The Holy Bible is the account of God's action in the world, and his purpose with all creation. I have no idea who first came up with the idea of creating a Character Bible, but when I first started attending writing classes I often heard the term thrown around and I eventually began keeping one myself to keep track of my numerous characters, their traits and personalities. As the creator of fantasy worlds, a Character Bible helps keep me on the straight and narrow path, so to speak, as I construct my characters. Often I get so involved in drafting the story itself that I end up with shallow, blurry characters. As I begin filling in the questions and descriptions in my bible I realize what I’m lacking and my characters become richer versions of themselves, the visions in my mind of who they are coming to life on paper.

You may wonder why you should bother keeping track of your characters and their traits. When writing a short story it probably isn’t necessary. But take a novel, for example, or a series. By keeping a Character Bible for a novel, as I write about a character and include their physical characteristics, I hop over to the bible to add those characteristics in. If there are holes in the list of traits, or no physical description next to a name, then I know I’ve done a poor job of describing this person and I have more work to do to make this character come alive in the reader’s eyes.

Although I have heard a lot said about keeping track of your characters, I haven’t seen a lot on the internet in terms of specific ways of doing this. I thought I would share with you my simple method of fleshing out characters (see below). And while it isn’t always necessary to fill out all of the information for each and every character (especially for your walk-on appearances), it is helpful to at least take your characters one by one and consider what you know about them, what you should know, and what you don’t know. It has given me the opportunity on many occasions to realize the holes I have in my characters and in my stories — holes I have then filled in and fixed. So if you’re looking for a way not only to keep track of your characters, but also to make them jump off the page, consider keeping a Character Bible.

 

Below are the questions you can ask about your main characters and a list of traits to fill in for each character in your story. For the list of traits I order the characters in alphabetical order to find them easier later.

 

 

* Questions for the Protagonist and Antagonist are from a writing class conducted by author J. Scott Savage.

 

FILL OUT THE FOLLOWING FOR THE PROTAGONIST:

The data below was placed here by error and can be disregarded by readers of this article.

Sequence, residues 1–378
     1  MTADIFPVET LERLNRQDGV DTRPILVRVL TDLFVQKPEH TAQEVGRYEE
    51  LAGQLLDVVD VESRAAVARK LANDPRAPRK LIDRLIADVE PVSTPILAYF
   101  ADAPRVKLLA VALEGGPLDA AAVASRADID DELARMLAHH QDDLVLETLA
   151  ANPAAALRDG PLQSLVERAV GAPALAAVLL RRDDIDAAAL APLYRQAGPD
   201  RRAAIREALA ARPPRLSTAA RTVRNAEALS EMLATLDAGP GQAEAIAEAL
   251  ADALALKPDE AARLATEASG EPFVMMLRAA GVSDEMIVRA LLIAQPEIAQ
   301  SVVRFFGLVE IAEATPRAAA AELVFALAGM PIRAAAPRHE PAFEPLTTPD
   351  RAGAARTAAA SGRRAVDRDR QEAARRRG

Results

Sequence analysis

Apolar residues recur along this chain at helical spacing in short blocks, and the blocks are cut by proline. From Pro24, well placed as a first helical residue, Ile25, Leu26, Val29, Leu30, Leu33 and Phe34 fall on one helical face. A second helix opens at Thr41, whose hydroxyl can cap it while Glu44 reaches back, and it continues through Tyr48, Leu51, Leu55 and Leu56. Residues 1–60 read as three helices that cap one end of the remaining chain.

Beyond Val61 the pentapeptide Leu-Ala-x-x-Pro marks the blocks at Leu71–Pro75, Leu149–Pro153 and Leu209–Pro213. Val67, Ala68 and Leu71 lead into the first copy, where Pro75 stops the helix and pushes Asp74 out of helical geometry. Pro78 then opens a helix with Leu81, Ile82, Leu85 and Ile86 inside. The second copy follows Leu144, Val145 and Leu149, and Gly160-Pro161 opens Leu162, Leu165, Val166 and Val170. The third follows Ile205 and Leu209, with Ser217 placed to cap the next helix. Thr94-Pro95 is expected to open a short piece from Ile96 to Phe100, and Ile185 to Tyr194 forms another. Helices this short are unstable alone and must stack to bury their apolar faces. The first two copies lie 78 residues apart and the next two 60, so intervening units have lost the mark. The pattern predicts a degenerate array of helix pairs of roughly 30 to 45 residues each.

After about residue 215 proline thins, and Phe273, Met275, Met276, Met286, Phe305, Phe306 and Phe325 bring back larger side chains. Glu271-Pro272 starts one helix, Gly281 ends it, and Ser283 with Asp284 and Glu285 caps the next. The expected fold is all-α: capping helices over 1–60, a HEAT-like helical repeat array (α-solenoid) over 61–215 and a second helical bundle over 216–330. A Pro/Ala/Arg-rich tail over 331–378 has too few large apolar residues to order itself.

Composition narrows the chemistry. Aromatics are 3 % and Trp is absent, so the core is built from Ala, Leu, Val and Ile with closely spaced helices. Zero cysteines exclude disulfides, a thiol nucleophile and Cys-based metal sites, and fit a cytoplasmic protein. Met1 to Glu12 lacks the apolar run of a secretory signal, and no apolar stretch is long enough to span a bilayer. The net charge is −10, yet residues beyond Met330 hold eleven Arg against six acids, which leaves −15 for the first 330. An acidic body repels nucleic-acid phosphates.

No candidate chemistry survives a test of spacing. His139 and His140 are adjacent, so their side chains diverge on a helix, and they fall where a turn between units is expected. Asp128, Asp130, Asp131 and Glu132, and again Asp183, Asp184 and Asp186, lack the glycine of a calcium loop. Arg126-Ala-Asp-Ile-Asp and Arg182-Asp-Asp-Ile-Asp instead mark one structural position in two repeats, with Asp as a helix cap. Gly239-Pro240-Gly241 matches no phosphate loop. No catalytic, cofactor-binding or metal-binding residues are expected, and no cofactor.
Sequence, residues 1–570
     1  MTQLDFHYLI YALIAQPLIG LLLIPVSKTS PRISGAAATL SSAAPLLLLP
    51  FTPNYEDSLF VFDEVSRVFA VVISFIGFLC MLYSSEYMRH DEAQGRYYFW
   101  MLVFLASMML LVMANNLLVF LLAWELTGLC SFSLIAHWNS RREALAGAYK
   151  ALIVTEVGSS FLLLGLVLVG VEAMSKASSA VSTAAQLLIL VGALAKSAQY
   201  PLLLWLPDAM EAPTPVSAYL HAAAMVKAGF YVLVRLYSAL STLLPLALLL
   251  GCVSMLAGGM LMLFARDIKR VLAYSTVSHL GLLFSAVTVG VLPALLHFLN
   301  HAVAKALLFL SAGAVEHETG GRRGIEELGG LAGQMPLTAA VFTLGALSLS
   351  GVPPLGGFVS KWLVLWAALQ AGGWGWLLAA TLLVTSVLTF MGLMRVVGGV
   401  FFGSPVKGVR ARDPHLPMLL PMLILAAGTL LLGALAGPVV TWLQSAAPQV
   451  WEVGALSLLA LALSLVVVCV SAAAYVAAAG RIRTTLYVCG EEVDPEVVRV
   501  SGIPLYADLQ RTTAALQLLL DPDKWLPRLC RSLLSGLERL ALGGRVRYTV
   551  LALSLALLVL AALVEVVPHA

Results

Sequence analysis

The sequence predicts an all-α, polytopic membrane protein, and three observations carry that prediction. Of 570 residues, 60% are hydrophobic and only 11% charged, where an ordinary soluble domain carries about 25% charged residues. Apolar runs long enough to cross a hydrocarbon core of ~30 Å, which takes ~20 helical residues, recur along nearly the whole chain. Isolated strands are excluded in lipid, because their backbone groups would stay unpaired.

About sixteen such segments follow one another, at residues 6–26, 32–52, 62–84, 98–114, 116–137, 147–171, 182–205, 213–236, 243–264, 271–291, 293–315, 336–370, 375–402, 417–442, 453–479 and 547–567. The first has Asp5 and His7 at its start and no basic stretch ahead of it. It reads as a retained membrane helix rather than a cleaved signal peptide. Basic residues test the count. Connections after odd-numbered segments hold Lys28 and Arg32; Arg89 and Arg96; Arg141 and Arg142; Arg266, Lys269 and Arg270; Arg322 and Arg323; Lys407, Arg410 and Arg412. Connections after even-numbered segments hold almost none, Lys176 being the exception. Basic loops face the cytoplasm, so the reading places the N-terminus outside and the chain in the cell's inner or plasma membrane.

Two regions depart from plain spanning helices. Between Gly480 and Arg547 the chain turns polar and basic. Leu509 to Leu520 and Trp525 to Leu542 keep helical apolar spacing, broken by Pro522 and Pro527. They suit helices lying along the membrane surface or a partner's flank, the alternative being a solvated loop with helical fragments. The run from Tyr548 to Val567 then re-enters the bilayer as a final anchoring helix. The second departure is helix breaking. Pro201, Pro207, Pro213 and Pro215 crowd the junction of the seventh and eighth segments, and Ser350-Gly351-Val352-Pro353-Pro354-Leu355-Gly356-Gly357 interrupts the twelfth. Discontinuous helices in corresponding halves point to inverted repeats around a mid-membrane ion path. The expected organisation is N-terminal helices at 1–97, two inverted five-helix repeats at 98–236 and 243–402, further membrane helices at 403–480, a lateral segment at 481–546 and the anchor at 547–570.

What does she/he want most in life?

List one thing she/he assumes to be true that is not?

What do people assume to be true about him/her that is not?

Describe how three different main characters view her/him.

Name three of her/his talents.

What stereotype most closely matches her/him.

How did the defining moment affect her/his current decisions?

Why does she/he want that most in life?  Should she/he get it/what if she/he doesn’t?

What would happen if she/he learned the assumption was false?

Why do people believe that about her/him?

How would she/he feel if she/he knew what they thought?

How do those talents help/hinder? What if they were lost?  What are three flaws?

In what ways did you break the stereotype?

 

List the first five major decisions your character makes and answer the following questions:

What were the options?

What drove the decision?

What if she/he had gone the other way?

What would the antagonist have done?

What will the consequence be if she/he stays on this track?

How did the decision differ from previous growth or regression?

 

 

FILL OUT THE FOLLOWING FOR THE ANTAGONIST:

 

What does she/he want most in life?

List one thing she/he assumes to be true that is not?

What do people assume to be true about him/her that is not?

Describe how three different main characters view her/him.

Name three of her/his talents.

What stereotype most closely matches her/him.

How did the defining moment affect her/his current decisions?

Why does she/he want that most in life?  Should she/he get it/what if she/he doesn’t?

What would happen if she/he learned the assumption was false?

Why do people believe that about her/him?

How would she/he feel if she/he knew what they thought?

How do those talents help/hinder? What if they were lost?  What are three flaws?

In what ways did you break the stereotype?

 

List the first five major decisions your character makes and answer the following questions:

What were the options?

What drove the decision?

What if she/he had gone the other way?

What will the consequence be if she/he stays on this track?

How did the decision differ from previous growth or regression?

 

FILL OUT THE FOLLOWING FOR EACH CHARACTER IN YOUR STORY:

 

Name:

Physical Description:

Goals:

Motivations:

Background:

Personality:

Strengths:

Weaknesses:

Talents:

Habits:

Stereotypes:

Common words/phrases he/she uses:

 

 

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